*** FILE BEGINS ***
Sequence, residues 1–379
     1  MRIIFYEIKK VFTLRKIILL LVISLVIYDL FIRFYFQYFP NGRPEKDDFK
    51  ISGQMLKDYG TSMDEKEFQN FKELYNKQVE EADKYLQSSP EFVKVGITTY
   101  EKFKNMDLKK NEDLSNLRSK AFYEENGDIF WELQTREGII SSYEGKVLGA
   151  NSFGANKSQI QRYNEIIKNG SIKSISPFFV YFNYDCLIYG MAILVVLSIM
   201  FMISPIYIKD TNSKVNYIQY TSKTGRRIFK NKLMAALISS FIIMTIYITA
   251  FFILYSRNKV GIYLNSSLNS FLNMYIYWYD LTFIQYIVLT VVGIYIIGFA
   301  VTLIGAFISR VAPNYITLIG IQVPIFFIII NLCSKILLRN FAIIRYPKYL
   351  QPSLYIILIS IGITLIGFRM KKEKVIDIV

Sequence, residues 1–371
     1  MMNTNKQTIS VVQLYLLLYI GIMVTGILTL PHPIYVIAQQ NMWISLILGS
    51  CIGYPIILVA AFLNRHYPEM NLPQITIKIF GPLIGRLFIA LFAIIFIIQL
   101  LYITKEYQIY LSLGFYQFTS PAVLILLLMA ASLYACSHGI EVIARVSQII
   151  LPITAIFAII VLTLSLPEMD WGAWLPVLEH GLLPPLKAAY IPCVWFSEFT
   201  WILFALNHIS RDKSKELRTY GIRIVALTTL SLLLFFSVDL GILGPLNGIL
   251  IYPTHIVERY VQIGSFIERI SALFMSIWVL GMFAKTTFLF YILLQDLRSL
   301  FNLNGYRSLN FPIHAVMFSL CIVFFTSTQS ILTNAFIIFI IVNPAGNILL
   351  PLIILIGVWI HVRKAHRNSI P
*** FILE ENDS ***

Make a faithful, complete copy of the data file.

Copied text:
Sequence, residues 1–379
     1  MRIIFYEIKK VFTLRKIILL LVISLVIYDL FIRFYFQYFP NGRPEKDDFK
    51  ISGQMLKDYG TSMDEKEFQN FKELYNKQVE EADKYLQSSP EFVKVGITTY
   101  EKFKNMDLKK NEDLSNLRSK AFYEENGDIF WELQTREGII SSYEGKVLGA
   151  NSFGANKSQI QRYNEIIKNG SIKSISPFFV YFNYDCLIYG MAILVVLSIM
   201  FMISPIYIKD TNSKVNYIQY TSKTGRRIFK NKLMAALISS FIIMTIYITA
   251  FFILYSRNKV GIYLNSSLNS FLNMYIYWYD LTFIQYIVLT VVGIYIIGFA
   301  VTLIGAFISR VAPNYITLIG IQVPIFFIII NLCSKILLRN FAIIRYPKYL
   351  QPSLYIILIS IGITLIGFRM KKEKVIDIV

Sequence, residues 1–371
     1  MMNTNKQTIS VVQLYLLLYI GIMVTGILTL PHPIYVIAQQ NMWISLILGS
    51  CIGYPIILVA AFLNRHYPEM NLPQITIKIF GPLIGRLFIA LFAIIFIIQL
   101  LYITKEYQIY LSLGFYQFTS PAVLILLLMA ASLYACSHGI EVIARVSQII
   151  LPITAIFAII VLTLSLPEMD WGAWLPVLEH GLLPPLKAAY IPCVWFSEFT
   201  WILFALNHIS RDKSKELRTY GIRIVALTTL SLLLFFSVDL GILGPLNGIL
   251  IYPTHIVERY VQIGSFIERI SALFMSIWVL GMFAKTTFLF YILLQDLRSL
   301  FNLNGYRSLN FPIHAVMFSL CIVFFTSTQS ILTNAFIIFI IVNPAGNILL
   351  PLIILIGVWI HVRKAHRNSI P